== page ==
“We made jokes that, one of these days, they’re going to figure out that we’re just normal people,” said the Rev. James Gwin, senior pastor of the church.
The group of seven people visited Zimbabwe, where they checked in on the Hope Center that Acworth UMC helped build, and Malawi, where they saw the site of a planned health clinic, for a week each between Sept. 13 and 27. Along with Gwin, the group included Shirley Rose, who has represented Acworth UMC on mission trips since 1990; Ben Green, the church’s director of missions; Acworth UMC members Steve and Sandy Augsburger along with Judith Strickland of Coal Mountain Baptist Church in Cumming.
Rose had long worked to help build the Nyika Mutambara Hope Center, named for an African native and graduate of the Candler School of Theology at Emory University. The center is now run by his widow, Dorothy Mutambara, which provides food clothing and school supplies and keeps 100 orphans in school — including six college students.
Rose was pleased that she was able to bring Acworth UMC’s pastor on a mission to Africa for the first time.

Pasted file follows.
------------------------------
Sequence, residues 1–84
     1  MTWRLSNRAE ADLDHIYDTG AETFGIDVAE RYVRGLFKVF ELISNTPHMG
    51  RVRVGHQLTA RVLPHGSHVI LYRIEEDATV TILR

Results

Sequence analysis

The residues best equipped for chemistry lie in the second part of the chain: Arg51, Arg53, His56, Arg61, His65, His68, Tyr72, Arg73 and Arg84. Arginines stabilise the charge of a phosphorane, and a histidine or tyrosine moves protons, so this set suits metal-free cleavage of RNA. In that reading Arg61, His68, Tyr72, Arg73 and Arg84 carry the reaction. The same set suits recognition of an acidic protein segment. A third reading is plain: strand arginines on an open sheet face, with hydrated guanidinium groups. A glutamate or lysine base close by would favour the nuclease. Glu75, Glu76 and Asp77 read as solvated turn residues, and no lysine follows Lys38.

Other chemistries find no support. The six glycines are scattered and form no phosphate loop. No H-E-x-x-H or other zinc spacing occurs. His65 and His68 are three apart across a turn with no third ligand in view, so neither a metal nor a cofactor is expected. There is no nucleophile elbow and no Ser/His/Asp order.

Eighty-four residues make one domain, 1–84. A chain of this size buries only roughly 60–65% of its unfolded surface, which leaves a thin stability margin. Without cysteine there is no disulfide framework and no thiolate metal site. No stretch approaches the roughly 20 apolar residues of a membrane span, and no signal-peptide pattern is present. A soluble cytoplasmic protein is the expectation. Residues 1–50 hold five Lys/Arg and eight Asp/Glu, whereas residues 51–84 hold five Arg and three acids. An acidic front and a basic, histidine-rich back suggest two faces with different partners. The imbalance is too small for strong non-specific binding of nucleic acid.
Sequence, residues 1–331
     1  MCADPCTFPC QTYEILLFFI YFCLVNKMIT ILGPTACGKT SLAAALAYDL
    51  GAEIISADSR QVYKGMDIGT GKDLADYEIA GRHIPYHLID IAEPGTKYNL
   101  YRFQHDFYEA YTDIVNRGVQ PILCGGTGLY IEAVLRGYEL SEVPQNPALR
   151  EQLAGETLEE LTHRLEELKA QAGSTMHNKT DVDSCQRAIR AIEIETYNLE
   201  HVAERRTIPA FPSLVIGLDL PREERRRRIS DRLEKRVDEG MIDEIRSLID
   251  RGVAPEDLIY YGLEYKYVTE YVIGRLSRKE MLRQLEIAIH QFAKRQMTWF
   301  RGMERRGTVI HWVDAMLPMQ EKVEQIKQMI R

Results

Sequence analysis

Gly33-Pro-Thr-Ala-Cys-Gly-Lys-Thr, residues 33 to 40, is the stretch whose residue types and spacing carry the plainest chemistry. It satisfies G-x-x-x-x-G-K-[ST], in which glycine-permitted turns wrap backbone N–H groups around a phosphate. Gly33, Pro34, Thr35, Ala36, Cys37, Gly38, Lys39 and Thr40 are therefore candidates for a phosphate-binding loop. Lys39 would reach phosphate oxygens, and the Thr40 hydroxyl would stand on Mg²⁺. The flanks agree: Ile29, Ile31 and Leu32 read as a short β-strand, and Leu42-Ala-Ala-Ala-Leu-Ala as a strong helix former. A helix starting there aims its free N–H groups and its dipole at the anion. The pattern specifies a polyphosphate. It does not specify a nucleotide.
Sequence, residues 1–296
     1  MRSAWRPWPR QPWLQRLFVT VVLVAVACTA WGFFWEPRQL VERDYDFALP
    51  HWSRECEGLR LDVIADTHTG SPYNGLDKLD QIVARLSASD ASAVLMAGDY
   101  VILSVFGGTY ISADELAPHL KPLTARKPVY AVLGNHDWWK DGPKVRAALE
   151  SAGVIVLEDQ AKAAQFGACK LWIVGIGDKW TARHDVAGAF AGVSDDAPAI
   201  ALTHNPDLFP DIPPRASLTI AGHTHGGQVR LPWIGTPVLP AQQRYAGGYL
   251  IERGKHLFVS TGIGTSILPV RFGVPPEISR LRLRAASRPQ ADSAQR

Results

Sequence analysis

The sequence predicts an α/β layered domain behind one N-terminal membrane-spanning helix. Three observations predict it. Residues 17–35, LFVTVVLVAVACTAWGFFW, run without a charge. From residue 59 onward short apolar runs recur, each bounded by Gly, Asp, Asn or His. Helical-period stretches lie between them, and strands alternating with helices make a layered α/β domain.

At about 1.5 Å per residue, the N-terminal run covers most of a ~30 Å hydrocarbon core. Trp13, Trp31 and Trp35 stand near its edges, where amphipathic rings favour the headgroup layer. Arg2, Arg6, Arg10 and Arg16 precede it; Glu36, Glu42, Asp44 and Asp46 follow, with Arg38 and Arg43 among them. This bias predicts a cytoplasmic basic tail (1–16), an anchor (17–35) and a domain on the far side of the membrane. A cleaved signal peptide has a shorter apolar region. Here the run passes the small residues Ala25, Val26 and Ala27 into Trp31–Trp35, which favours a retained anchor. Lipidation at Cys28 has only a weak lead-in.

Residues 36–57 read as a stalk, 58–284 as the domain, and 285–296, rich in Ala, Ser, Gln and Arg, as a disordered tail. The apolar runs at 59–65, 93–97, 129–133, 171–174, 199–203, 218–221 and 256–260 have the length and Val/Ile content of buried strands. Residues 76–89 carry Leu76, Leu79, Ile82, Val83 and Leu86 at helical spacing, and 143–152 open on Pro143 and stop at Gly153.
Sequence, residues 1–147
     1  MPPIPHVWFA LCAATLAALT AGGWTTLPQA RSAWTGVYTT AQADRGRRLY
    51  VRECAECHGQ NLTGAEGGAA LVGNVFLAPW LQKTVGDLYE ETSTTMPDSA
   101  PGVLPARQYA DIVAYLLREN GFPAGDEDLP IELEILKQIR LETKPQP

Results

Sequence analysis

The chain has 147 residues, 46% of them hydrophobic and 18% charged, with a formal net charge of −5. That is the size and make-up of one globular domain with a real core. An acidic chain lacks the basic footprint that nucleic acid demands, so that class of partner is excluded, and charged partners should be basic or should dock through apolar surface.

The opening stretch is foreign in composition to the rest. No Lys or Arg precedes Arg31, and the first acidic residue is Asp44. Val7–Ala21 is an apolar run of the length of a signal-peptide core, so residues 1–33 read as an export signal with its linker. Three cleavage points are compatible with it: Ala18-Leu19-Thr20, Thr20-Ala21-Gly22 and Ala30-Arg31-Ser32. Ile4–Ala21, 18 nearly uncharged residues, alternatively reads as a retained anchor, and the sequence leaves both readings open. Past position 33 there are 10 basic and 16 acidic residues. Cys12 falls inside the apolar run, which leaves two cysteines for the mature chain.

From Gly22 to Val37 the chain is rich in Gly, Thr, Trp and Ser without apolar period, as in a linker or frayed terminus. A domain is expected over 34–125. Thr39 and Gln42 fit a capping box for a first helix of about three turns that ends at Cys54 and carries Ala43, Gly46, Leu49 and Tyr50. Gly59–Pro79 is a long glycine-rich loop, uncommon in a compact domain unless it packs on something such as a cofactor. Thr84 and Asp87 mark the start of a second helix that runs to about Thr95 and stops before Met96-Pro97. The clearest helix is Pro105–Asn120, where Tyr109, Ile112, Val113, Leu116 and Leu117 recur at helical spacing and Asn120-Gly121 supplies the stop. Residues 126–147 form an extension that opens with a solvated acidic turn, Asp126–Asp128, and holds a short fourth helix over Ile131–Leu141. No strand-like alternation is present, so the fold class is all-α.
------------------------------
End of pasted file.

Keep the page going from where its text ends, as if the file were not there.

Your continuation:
“As soon as he got here, he wanted to go,” she said of Gwin, who came to Acworth UMC in early 2011.
Gwin said he has a long history of missions, but had never been to Africa.
“We had been talking and praying about actually building a clinic there, I felt I could do it better if I actually went there first hand and saw it,” he said.
While painting the Hope Center in the village of Mutambara, Zimbabwe, was an important part of the trip, Gwin said the primary impetus for the mission was visiting the Majawa village in Malawi, where he delivered a sermon and a groundbreaking ceremony was held for the Achiona Health Clinic.
“Coming back, I think our main focus is to try to get the clinic built,” Gwin said.
“And to meet the people and try to build a relationship with them,” Rose added.
Acworth UMC is seeking to raise $30,000 for the clinic by Easter, with two annual yard sales, as well as donations that Rose collects year-round. Green said the clinic would serve 2,000 orphans in nine villages that are currently more than an hour drive from the nearest hospital.
“The elderly are also a concern,” Green said.
The government in Malawi has agreed to pay for a doctor and nurse to staff the clinic if the church can pay to build the facility, Gwin said.
The six missionaries are hopeful that they can each raise $5,000.
“It’s all happened because people have come to us,” Green said. “God’s bringing people to us through Shirley. God calls us, wherever he wants us to go, we go.”
Those interested in donating can call Rose at (770) 974-5024.